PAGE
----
Researchers agree that the choice of brand name for a product can alter the consumers ' judgment about the product and their purchase decision-making process. With competition getting fiercer and product quality becoming more homogenous, a “better” brand name can be decisive in product choice if the consumers compare several products. The purpose of this research is to offer new physiological insights about how brand names are processed in the consumer ' s brain in order to identify potential determinants of “better” brand names.
Using valence and activation ratings, reaction time, and functional magnetic resonance imaging (fMRI), the authors show the interaction of key brand name dimensions with the consumer purchase decision-making process, as well as the neurophysiological basis of consumer preference for certain types of brand names.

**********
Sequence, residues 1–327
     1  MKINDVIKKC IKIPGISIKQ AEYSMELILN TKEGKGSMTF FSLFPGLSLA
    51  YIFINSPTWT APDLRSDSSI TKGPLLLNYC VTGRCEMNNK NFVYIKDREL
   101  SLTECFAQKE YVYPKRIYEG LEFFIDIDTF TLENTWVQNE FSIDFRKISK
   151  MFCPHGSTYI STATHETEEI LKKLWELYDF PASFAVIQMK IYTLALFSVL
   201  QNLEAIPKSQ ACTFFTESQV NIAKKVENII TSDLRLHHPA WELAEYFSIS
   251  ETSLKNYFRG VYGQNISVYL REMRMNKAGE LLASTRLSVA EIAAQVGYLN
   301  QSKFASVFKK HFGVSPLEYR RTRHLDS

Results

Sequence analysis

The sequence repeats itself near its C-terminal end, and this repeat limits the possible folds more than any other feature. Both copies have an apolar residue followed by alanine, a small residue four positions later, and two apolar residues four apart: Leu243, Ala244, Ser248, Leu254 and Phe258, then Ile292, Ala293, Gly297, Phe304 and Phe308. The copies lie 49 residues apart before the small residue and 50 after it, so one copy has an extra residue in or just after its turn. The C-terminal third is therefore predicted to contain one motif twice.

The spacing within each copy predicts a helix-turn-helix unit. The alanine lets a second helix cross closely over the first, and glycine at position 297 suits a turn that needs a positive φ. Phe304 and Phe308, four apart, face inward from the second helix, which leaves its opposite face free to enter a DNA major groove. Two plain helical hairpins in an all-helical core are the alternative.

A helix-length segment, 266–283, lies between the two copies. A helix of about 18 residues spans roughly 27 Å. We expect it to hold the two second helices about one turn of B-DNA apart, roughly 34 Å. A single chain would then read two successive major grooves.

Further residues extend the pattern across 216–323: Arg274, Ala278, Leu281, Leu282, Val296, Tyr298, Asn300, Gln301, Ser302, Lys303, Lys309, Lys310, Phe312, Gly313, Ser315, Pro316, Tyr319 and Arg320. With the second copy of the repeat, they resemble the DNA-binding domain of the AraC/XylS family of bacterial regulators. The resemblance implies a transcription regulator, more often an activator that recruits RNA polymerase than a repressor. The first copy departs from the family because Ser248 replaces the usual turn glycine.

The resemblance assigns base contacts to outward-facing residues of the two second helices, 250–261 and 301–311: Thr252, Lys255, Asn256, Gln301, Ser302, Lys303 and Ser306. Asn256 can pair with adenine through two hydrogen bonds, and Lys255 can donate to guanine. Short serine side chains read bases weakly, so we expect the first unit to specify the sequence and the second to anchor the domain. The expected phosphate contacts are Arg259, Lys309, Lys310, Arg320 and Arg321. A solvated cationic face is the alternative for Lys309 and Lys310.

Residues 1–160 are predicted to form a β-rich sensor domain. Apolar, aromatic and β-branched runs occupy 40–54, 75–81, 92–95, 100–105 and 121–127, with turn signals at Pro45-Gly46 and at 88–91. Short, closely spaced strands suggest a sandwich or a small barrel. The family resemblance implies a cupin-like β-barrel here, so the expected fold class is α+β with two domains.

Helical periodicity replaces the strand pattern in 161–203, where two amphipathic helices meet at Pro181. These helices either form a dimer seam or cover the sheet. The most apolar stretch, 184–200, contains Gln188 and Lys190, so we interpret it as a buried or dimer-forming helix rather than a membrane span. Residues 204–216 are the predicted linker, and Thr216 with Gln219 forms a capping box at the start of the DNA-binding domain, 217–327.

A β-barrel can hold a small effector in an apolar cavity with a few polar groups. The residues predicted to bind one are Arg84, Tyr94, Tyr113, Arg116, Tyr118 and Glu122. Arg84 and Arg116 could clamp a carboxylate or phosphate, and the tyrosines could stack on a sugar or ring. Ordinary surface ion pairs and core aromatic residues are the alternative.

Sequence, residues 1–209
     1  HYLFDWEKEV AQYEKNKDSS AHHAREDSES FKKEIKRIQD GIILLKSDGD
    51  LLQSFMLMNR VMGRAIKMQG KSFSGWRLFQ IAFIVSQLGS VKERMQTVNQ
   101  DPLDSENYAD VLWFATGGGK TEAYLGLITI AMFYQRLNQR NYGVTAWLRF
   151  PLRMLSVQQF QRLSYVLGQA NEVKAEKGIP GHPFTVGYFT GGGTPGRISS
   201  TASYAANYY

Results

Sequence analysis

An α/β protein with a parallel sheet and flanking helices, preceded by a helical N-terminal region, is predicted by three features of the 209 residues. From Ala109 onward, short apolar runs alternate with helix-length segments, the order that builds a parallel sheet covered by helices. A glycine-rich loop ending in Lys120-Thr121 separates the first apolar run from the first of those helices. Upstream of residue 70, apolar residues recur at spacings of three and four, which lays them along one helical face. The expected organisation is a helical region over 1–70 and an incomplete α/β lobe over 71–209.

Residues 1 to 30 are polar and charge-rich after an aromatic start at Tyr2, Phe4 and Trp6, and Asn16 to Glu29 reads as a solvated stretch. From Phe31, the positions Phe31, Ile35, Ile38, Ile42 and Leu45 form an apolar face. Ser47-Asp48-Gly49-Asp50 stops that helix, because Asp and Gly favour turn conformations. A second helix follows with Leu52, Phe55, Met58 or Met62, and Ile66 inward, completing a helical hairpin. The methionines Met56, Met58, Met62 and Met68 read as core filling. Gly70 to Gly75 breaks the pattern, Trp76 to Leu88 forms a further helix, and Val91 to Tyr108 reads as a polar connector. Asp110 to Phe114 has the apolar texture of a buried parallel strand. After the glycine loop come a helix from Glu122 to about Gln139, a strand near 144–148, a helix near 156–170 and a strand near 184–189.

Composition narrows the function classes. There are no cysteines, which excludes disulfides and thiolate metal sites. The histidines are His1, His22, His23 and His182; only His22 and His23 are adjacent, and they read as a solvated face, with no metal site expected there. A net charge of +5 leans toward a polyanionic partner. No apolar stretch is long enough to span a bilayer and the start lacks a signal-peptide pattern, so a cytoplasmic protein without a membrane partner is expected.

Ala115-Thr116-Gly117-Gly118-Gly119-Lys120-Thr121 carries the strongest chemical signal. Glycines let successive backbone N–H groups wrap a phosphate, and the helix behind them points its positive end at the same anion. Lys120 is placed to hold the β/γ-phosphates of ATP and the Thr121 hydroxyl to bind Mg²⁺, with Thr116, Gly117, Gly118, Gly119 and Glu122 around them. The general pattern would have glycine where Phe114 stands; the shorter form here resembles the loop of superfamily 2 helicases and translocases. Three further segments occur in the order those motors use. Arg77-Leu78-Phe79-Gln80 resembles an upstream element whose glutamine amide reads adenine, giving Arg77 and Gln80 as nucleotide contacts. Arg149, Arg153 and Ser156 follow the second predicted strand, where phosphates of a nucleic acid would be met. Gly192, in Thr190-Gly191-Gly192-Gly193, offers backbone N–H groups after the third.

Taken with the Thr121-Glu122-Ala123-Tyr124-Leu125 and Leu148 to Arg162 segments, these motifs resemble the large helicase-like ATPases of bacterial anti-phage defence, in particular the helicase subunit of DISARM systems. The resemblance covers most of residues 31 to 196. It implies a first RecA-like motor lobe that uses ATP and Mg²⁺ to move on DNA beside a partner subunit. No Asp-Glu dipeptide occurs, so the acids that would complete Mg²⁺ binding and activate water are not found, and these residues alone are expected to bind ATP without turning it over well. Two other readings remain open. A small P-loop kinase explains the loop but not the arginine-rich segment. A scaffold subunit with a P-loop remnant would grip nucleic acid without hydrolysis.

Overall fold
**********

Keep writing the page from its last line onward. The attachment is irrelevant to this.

The authors ' research shows that it has a positive effect on consumer choice to include in the brand name hints at the key benefits of the underlying product.
The authors ' results demonstrate that fMRI is able to provide important insights for brand practitioners.
Current research has neither focused on the interaction of brand name dimensions with the consumer purchase decision-making process nor provided insight about the physiological drivers of brand perception. In their research, the authors applied for the first time neurophysiological methodologies and fMRI to questions related to brand names, resolving questions that have not been answered due to the methodological limitations of social sciences.
Hillenbrand, P., Alcauter, S., Cervantes, J. and Barrios, F. (2013), "Better branding: brand names can influence consumer choice", Journal of Product & Brand Management, Vol. 22 No. 4, pp. 300-308. https://doi.org/10.1108/JPBM-04-2012-0120Download as .RIS
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